Scooters are coming!

22 Jul

The headline in the World Herald read, “Love them or hate them: Electric scooters are returning to Omaha.” Certainly not the most encouraging framing of the issue. Establishing a binary of good or bad, positive or negative leaves little room for nuance. Instead, we should look at the use of dockless electric scooters on the spectrums of safe to unsafe, inclusive to exclusive. To that end, we can look at the policies, and enforcement laid out in the updated rules regarding the use of scooters in Omaha and see where the second pilot lands.

First, it should be clear that Mode Shift neither endorses nor disparages the use of electric scooters. We advocate for all forms of transportation to the end that they make the city more accessible to everyone. A critique of the implementation is not an indictment of the mode.

Is it safe?

Scooters are not inherently safe or unsafe, any more than any other transportation device, especially one that is new to the user. It takes time to learn how to ride a bike or drive a car — it takes time to learn how to walk or ride a wheelchair. So, setting aside the initial learning curve, are scooters safe to operate? The answer depends on the environment provided for their operation. 

In the city of Omaha, scooters are required to operate on city streets with speed limits of 35 miles per hour or slower. The guidance is to use bike lanes where available. The recommendation is to use a helmet. There are a number of “no go” zones where scooters are drastically slowed and where they cannot be “docked” — these include university campuses, the medical center, around the convention center, the riverfront and the Old Market.

While these “no go” zones are ostensibly for safety, they have the effect of slowing or excluding connectivity between nodes of activity. For example, the “no go” zone around the convention center creates a barrier between the Capital District and North Downtown, an area promising exciting future developments. The “no go” zone around the Med Center creates a barrier between the Blackstone and Aksarben or Benson.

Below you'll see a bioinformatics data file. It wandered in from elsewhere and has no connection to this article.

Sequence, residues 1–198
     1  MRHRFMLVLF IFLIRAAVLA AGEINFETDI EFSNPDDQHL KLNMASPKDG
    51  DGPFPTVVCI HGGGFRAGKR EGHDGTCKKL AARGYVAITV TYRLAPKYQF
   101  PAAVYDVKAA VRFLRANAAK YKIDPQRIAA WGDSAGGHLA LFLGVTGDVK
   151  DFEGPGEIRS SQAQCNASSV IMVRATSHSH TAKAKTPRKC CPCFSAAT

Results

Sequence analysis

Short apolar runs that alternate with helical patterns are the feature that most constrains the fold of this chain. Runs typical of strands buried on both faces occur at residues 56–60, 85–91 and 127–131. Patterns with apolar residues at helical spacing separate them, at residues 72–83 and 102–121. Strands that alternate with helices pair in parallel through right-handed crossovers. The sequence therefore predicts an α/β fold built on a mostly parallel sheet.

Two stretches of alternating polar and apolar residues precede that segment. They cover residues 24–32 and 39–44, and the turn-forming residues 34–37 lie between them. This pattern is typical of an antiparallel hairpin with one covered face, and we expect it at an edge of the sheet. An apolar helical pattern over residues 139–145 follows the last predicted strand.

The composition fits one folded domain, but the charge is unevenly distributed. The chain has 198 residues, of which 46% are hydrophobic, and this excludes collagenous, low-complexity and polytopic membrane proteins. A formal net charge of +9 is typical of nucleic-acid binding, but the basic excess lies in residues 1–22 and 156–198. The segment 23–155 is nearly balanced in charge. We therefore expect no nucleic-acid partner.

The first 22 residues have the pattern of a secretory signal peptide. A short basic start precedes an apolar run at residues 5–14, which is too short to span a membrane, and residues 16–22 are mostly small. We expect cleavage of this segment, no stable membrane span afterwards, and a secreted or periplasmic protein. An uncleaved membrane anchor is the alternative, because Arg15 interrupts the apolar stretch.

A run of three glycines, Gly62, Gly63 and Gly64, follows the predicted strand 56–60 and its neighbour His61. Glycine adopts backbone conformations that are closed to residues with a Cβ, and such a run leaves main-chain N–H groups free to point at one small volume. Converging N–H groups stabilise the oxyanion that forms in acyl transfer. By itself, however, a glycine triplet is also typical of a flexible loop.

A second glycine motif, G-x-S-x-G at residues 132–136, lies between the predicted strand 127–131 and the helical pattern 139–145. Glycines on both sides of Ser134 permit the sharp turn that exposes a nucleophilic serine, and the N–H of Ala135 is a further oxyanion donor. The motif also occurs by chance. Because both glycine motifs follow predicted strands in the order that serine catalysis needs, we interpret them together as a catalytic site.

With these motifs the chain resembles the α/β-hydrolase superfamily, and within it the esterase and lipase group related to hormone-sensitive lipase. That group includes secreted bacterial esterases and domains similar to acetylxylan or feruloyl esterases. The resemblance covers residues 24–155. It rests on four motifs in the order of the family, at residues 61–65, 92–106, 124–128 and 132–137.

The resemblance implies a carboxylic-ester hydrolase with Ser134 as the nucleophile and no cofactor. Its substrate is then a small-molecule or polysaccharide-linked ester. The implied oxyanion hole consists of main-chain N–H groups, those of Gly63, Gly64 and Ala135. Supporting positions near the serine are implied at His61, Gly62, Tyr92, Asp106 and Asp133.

Scooters are specifically excluded from city sidewalks, though users are encouraged to park them on sidewalks and not in the street where they are to be operated. This is to limit friction between people riding scooters and people otherwise using the sidewalk. This policy means people riding scooters are competing for road space with motor vehicles. Even where there are bike lanes, Omaha still has no on-street, protected bike infrastructure. Cars often park in designated bike lanes. Without dedicated spaces for vehicles like bikes and scooters, the danger factor operating them on the street increases.

The fact is that riders will ride where they feel most safe. For some, this will mean the sidewalk in the absence of a safe, specific designated space to ride a scooter.

Is it inclusive?

Making a scooter share fully inclusive of the entire population would be a challenge, but there are a few areas where geographic, demographic, capability and economic factors remove Omahans from the opportunity to use the scooters.

The new rules limit the users to individuals 18 and older who have a state ID or driver’s license, a stricter limit than we have for other motor vehicles. To unlock a scooter, you need to have a smartphone and a credit card. Anyone without any of these three items is effectively excluded from using a scooter, especially with the new policy that each user can only unlock one device.